Before thousands of HVACR professionals converge on the Georgia World Congress Center for the AHR Expo, held February 6-8, AHR has released its 2023 Trend Report, aimed at identifying the state of the industry ahead of the show. Industry associations, manufacturers exhibiting at AHR, and experts from various fields within the HVACR space all contributed to the report, which aims to lend value in understanding the challenges and opportunities within the industry from every point of view.

Among the most popular trends, topics, and concerns within the report were decarbonization, indoor air quality (IAQ), the supply chain, refrigerant regulations, and workforce development/labor shortage.

The report encourages readers to carry the input from industry professionals with them onto the show floor.

“So when you have your conversations on the [AHR] show floor, and maybe you run into someone who's a distributor and you're a contractor … you’ll hopefully have at least a baseline idea of what they're up against or what opportunities are ahead,” said Nicole Bush, AHR Expo press officer.


1. Refrigerant Regulation

Federal law often plays a part in what an industry should focus on and the refrigeration regulations are no exception.

The AIM Act and the HFC phasedown schedule commencing this coming year will have wide-reaching impacts on the HVACR market, and as the industry moves forward, code adjustments will become a necessity. And the next stepdown, which is a 40% reduction, is right around the corner.

David Budinski, vice president and general manager, residential and light commercial, at Johnson Controls, noted in his contribution that it’s more critical than ever to be at the forefront of environmental protection.

“Embracing the low Global Warming Potential (GWP) refrigerant transition is one of many steps to help customers reduce their emissions and another positive step in supporting healthy people, healthy places, and a healthy planet,” Budinski said.


2. Decarbonization

Decarbonization remains a key focus for the Air-Conditioning, Heating, Refrigeration Institute (AHRI). Just last year, the AHRI board of directors approved a decarbonization statement reiterating the associations position in support of efforts that reduce carbon emissions, AHRI president Stephen Yurek noted in the Trend Report.

Scott Lynch, president and CEO of the American Boiler Manufacturers Association (ABMA), said decarbonization is a buzzword in the sector but also a shift its members need to pay attention to. At a number of their sessions, they’ve focused on this topic.


3. IAQ

“For many years, the V in HVAC was somewhat forgotten,” said Patrick Nielsen, chairman of the Home Ventilating Institute (HVI) board.

But that’s changing all over the place.

In his contribution, Nielsen said that many in the industry are changing their messaging to focus on IAQ and health, as COVID has heightened people’s awareness of the importance of the air they breathe in.

The Continental Automated Buildings Association (CABA) has 385 members and in the past year has gained a number of members from the HVACR industry.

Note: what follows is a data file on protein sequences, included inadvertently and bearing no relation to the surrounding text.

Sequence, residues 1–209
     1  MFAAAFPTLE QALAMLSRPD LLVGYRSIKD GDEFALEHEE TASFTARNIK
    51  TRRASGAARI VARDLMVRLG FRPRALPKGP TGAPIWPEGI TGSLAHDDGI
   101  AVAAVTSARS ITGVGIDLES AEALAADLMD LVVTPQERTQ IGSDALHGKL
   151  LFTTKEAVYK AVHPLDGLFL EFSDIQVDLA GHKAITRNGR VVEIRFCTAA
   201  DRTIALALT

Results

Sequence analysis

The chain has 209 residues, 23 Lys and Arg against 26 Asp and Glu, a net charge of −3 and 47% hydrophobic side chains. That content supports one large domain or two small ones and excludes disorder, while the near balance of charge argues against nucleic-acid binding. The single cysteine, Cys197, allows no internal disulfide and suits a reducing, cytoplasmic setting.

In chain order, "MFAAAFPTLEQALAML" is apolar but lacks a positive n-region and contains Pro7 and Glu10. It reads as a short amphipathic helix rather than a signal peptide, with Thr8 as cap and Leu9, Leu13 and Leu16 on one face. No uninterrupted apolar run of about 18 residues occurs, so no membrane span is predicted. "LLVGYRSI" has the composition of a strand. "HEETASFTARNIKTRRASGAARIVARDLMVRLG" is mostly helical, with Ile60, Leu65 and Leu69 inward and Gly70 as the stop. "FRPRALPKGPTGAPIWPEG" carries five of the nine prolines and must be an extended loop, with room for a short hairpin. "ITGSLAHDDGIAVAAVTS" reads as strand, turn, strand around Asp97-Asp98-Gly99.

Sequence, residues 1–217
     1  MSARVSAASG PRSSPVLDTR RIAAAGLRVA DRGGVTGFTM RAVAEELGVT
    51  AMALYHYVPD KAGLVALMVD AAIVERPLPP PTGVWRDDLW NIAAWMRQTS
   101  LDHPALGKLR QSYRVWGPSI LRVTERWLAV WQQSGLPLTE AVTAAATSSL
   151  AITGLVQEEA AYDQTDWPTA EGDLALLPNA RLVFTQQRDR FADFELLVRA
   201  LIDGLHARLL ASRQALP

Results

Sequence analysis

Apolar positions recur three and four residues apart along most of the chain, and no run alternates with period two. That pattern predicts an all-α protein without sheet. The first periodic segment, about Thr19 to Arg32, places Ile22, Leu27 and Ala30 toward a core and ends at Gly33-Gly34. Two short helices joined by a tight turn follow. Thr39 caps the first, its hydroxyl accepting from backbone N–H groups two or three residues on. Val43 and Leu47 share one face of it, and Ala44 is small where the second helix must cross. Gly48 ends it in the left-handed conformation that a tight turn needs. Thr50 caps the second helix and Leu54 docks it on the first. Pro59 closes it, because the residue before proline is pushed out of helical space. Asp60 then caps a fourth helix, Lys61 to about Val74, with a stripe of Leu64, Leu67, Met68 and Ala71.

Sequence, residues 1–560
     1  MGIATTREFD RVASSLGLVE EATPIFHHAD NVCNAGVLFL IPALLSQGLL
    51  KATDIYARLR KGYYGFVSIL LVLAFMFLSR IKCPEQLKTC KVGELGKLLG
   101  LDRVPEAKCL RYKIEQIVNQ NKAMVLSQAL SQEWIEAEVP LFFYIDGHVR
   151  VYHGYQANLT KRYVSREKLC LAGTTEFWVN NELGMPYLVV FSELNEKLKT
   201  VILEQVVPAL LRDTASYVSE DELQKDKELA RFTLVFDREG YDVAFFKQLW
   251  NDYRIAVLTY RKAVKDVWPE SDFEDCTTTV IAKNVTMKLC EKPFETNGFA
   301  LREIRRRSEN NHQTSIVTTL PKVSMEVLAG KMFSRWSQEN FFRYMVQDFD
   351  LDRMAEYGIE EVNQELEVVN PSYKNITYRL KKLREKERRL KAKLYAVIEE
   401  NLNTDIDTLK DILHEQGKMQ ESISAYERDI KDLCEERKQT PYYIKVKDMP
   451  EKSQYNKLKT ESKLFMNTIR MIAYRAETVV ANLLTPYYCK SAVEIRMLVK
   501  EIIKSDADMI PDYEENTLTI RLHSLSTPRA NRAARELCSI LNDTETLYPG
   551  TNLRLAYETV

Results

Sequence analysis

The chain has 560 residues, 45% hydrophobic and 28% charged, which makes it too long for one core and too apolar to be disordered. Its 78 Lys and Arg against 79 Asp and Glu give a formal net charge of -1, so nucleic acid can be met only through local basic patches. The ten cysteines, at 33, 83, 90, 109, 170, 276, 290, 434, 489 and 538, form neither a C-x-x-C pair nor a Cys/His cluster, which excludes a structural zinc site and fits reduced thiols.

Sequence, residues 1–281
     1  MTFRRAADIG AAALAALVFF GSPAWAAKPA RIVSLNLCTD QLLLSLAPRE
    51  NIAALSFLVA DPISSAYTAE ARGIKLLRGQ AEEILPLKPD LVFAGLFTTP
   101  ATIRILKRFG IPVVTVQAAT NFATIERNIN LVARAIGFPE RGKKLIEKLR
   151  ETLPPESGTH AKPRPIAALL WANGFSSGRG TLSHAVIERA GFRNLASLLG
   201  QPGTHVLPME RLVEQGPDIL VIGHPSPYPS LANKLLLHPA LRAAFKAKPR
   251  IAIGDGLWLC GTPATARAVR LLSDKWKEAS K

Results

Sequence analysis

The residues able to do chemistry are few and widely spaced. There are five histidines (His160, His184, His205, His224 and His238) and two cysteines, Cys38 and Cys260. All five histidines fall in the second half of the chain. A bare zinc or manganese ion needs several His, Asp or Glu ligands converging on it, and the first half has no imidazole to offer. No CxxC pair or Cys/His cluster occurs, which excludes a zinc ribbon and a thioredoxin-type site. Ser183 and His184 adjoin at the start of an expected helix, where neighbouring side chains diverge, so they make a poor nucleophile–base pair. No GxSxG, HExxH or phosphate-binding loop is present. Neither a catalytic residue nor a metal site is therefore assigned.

“Collectively, these members reveal the industry’s growing interest in innovations like remote control of HVAC technologies, artificial intelligence, and occupancy sensing and its implications for IAQ management,” said Greg Walker, president and CEO of CABA.

However, the growing interest and trends of decarbonization, IAQ, electrification, and energy in general also add to an existing issue and recurring topic of the Trend Report: the supply chain.


4. Supply Chain

Talbot Gee, CEO of Heating Air-conditioning & Refrigeration Distributors International (HARDI), said as a result of the push to decarbonize the U.S. economy, heat pump demand has significantly strengthened in recent years.

“Furnace demand will decline if electrification is taking root. This year, we have seen the annual rate of heat pump shipments exceed furnace shipments,” Gee said in the Trend Report.


5. Workforce Development / Labor Shortage

No report on the HVACR industry would be complete without mentioning the labor shortage.

But the industry is focused on this — working on retaining, training, and recruiting.

Rheem has a channel partner training program that they conduct both in-person and virtually.

“We’ll have nearly 100,000 participants in training this year alone,” said Randy Roberts, vice president of sales and marketing of Rheem air conditioning division, in the report.

Additionally, the new technology in HVACR equipment makes it easier for less-experienced technicians to be more effective quickly.

Howard Weiss, executive vice president of ESCO Group, noted in his contribution that the pandemic gave the HVACR industry an opportunity to try a new approach when it comes to the technician shortage. It provides an opportunity to explain the size, scope, and importance of the HVACR industry.

“It is up to all of us to educate the public, and potential recruits as to the size and scope of our industry, while providing them a blueprint for possible areas of employment. While there are so many great attributes to a career in our industry, with COVID-19 fresh on everyone’s mind, it should be a powerful recruitment talking point.”